Originally Posted by MaxParrish
Well, it does leave one speechless in light of Brohan's rigorous approach to statistics:
LOL... should we give Brohan a pass? Perhaps he was drunk? On meds?http://www.climateaudit.org/?p=1109
From Brohan, et. al. (full paragraph, not taken out of context
(RE: last sentance));
To use the data for quantitative, statistical analysis, for instance a detailed comparison with GCM results, the uncertainties of the gridded anomalies are a useful additional field. A definitive assessment of uncertainties is impossible, because it is always possible that some unknown error has contaminated the data, and no quantitative allowance can be made for such unknowns. There are, however, several known limitations in the data, and estimates of the likely effects of these limitations can be made [Rumsfeld, 2004]. This means that uncertainty estimates need to be accompanied by an error model: a precise description of what uncertainties are being estimated.
And from Rumsfeld, I would choose the following verbage (since it is a matter of interpretation as to which specific part of that PC that Brohan, et. al. are referring to):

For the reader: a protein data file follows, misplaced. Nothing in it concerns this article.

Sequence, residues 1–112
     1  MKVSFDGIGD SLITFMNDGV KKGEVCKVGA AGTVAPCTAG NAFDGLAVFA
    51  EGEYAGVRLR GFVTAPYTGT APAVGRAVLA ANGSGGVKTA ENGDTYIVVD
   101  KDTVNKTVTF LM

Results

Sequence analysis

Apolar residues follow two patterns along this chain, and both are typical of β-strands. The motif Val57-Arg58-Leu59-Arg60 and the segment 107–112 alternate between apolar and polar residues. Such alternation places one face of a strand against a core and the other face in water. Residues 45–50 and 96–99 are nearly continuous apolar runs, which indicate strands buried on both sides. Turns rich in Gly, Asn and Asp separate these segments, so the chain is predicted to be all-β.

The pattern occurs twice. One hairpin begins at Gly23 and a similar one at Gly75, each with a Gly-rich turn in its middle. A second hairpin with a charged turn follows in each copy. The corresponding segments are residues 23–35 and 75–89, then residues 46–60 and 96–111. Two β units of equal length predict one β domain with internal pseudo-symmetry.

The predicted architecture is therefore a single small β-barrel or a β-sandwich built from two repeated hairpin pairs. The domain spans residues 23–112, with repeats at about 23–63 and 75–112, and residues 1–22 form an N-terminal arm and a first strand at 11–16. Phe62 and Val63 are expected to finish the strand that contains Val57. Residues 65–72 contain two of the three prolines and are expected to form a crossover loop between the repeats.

There are things we know that we know. There are known unknowns. That is to say there are things that we now know we don't know. But there are also unknown unknowns. There are things we don't know we don't know. So when we do the best we can and we pull all this information together, and we then say well that's basically what we see as the situation, that is really only the known knowns and the known unknowns. And each year, we discover a few more of those unknown unknowns. It sounds like a riddle. It isn't a riddle. It is a very serious, important matter. There's another way to phrase that and that is that the absence of evidence is not evidence of absence.
I distinctly remember watching that PC, made sense then, and still makes sense now.
So basically, the paper cites reference about uncertainties, and goes on in the next sentence to explain what error estimates can be made, and then goes on to make said error estimates. That also makes sense to me.
PS - More crapola from a GW skeptic website, whodathunk!